AUSTIN, Texas—Three students at the University of Texas School of Law have been selected by the United Nation’s criminal tribunals for Yugoslavia and Rwanda to serve as interns on their prosecutorial staffs.
Roberta Ritvo will work for three months this summer at the International Criminal Tribunal for Rwanda, located in Arusha, Tanzania, while Ameer Gopalani and Andrew Keller will work for six months at the International Criminal Tribunal for the Former Yugoslavia in The Hague, Netherlands. All are second-year students, with extensive backgrounds in international law, who were nominated by the School of Law after an internal selection process.
The law school already has sent five interns to the Yugoslavia Tribunal since 1997 and is among a handful of law schools in the United States to have two students selected for internships at one time. This year will mark the first time that the law school has sent a student to the Rwanda Tribunal. The internship program was established by Professor Steven Ratner, a human rights scholar, who was approached with the idea in 1996 by an alumnus working as a senior prosecutor at the Yugoslavia Tribunal.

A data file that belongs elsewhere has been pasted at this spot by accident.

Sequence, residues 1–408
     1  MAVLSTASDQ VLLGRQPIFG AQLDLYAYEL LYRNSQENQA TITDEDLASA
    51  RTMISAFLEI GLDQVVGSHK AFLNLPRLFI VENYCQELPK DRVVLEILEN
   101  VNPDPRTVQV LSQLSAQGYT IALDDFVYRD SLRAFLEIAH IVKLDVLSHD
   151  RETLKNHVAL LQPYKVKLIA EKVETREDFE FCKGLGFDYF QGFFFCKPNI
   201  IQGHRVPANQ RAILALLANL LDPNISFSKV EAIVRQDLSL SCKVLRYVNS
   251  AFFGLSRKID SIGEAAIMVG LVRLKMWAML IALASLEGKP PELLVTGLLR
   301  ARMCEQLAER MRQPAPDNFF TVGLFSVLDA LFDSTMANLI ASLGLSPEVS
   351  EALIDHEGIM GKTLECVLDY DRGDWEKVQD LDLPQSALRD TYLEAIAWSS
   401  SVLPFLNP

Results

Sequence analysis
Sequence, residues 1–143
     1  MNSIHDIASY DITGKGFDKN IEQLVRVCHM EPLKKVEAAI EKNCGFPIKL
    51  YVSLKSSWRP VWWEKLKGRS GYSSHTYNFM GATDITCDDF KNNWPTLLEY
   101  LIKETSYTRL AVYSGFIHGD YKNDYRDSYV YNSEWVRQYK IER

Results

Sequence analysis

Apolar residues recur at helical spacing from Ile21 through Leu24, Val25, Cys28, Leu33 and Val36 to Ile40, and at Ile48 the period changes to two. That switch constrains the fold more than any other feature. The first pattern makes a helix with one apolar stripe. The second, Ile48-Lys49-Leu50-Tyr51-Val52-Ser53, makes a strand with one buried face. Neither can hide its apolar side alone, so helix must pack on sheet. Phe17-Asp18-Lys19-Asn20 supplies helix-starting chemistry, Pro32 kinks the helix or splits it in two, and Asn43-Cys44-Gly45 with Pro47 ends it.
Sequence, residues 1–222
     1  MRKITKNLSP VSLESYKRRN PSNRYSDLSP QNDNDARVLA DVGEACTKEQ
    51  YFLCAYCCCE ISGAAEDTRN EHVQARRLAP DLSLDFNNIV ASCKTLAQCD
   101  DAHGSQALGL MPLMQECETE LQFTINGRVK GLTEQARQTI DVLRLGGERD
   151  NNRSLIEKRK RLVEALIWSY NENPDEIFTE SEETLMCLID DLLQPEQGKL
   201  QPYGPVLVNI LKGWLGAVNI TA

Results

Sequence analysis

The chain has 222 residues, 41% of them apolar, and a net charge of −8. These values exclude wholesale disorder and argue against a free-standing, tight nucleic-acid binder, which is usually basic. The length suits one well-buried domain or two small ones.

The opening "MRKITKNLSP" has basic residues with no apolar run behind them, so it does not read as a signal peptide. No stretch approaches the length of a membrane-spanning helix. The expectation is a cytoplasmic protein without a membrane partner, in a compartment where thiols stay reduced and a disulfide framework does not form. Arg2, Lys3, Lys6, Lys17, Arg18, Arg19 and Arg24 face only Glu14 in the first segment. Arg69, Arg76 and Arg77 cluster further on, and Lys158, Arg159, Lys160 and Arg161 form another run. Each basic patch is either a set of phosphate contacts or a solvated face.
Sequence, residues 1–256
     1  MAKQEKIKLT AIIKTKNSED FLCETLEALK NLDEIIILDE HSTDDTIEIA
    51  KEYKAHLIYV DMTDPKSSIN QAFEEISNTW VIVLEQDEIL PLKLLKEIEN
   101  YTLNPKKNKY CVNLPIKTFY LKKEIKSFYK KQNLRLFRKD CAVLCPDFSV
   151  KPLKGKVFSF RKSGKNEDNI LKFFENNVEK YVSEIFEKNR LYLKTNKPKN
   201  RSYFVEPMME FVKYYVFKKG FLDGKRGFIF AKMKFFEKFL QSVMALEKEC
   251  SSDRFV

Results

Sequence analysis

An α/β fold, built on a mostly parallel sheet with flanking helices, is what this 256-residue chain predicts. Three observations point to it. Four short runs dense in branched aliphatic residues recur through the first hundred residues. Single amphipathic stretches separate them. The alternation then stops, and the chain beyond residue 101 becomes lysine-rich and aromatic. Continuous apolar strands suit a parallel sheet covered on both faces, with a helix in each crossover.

The Yugoslavia Tribunal was created by the UN Security Council in 1993 to try people responsible for war crimes arising out of the breakup of Yugoslavia; the Rwanda Tribunal, created in 1994, addresses the 1994 Rwandan genocide. The Rwanda Tribunal has convicted several leaders of the 1994 massacres, and the Yugoslavia Tribunal has lately detained a number of leading suspects as well. Both are staffed by international civil servants from many countries.